“A simple jewellers’ loupe, a 10x magnification lens, is widely available and our advice is that you should buy one before you go shopping. It’s a very small investment, but a jewellers’ loupe will help you check that you are happy with the cut of the diamond, possible inclusions, the colour etc.”
We asked Dominguez for his top tips on valuing a diamond. Here is his advice:
The four Cs of valuing a diamond in detail
Carats are the units of weight used for diamonds. Each carat is divided into 100 points. 1 carat equals 0.2 grams. Remember that a carat is weight, not size and a well-cut diamond may appear larger than a badly cut diamond of equal weight. Large stones are much rarer than small ones so the cost is not proportional to the weight. A one-carat diamond will cost more than twice what a half-carat diamond will cost and the divergence grows as weight increases.
Cut is where the skill of the diamond cutter creates the maximum shine and sparkle from the rough stone. For centuries the priority was to get the largest gem possible from the rough. Now, while not wasting precious material, the cutter is more likely to go for maximum brilliance. The better the cut the more light reflected. A well-cut diamond is worth far more than a badly cut stone of equal weight. Shape is also an aspect of cut with the most fashionable shapes, currently round and square, commanding a premium over less fashionable ones.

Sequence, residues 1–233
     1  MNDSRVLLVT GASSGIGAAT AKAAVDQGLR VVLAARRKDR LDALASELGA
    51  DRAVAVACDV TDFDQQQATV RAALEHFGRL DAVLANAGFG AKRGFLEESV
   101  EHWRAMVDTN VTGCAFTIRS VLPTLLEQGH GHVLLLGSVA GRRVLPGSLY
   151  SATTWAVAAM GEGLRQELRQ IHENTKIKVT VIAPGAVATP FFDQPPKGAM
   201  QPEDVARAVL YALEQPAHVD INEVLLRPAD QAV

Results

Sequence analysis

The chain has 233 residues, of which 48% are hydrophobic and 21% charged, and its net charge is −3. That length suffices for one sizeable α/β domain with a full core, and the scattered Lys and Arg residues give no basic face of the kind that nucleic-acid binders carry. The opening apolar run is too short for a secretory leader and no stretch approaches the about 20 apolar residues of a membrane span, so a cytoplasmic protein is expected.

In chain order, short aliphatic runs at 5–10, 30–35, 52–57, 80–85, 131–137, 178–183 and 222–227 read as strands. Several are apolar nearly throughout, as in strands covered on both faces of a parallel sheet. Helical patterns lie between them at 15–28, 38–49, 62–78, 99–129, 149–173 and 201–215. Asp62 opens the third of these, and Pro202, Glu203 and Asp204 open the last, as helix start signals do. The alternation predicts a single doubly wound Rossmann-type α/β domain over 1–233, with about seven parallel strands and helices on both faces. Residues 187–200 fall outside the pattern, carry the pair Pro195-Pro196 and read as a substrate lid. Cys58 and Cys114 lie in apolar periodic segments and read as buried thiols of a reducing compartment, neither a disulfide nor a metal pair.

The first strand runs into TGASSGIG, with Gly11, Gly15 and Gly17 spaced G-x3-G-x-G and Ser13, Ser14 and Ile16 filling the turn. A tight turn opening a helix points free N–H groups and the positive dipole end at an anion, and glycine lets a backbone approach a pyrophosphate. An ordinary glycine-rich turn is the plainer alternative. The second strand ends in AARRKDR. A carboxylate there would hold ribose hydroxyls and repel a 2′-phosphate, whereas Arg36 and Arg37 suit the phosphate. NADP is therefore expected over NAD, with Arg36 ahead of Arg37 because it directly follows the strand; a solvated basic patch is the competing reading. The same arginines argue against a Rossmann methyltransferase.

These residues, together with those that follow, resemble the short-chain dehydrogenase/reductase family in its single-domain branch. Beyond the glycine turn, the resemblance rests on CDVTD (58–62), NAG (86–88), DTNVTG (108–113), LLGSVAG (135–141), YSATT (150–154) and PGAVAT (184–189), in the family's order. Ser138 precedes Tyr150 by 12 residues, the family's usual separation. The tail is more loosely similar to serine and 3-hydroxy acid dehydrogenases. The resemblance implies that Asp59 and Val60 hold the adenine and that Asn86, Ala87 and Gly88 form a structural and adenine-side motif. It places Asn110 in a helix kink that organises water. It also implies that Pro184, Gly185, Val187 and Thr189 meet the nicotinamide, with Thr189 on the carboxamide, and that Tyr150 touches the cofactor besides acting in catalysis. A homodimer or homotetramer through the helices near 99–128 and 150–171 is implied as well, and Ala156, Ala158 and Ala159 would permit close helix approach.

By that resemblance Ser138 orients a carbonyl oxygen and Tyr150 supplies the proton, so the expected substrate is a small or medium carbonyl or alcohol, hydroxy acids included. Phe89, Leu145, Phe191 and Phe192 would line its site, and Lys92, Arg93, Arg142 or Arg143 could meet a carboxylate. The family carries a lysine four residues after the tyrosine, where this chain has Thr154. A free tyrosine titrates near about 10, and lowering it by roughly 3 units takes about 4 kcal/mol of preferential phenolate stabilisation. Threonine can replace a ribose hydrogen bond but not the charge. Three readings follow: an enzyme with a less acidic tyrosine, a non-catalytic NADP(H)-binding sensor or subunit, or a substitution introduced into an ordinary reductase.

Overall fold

Clarity denotes the number of flaws in a diamond. These are formed as the diamond is being created in liquid magma inside the Earth. Internal flaws are known as inclusions, external ones as blemishes. A jeweller will look for flaws with a loupe. He will note every flaw and grade the stone accordingly. Armed with your own 10x loupe you’ll be able to verify inclusions yourself and decide if you can live with them – or go for a diamond with fewer inclusions. It’s worth adding that once a diamond is mounted on a ring and generally seen with the naked eye only, inclusions may be hardly noticeable. Flawless stones are very rare indeed and beyond the price range of all but the very rich. The important point here is not that you will be able to see the flaws, but that they may affect the brilliance and sparkle of the stone.
Colour is also graded, in this case from D to Z. A diamond graded as D will be colourless, the most desirable and the most expensive. However, the difference between it and a stone graded E is not noticeable to the non-expert and even an expert needs a comparison stone to see the difference. Once a diamond is mounted on a yellow gold ring, for example, it is generally almost impossible to tell the minute colour grade differences. At the bottom end of the scale a Z diamond would be noticeably yellow, but these are not used in jewellery and Diamond Manufacturers sells nothing below J, for example.
Most of the above aspects of diamonds you will be able to assess at a basic level with some education and the help of a jewellers’ loupe. Of course you should always be free to take your diamond to a reputable jeweller to be assessed by an expert.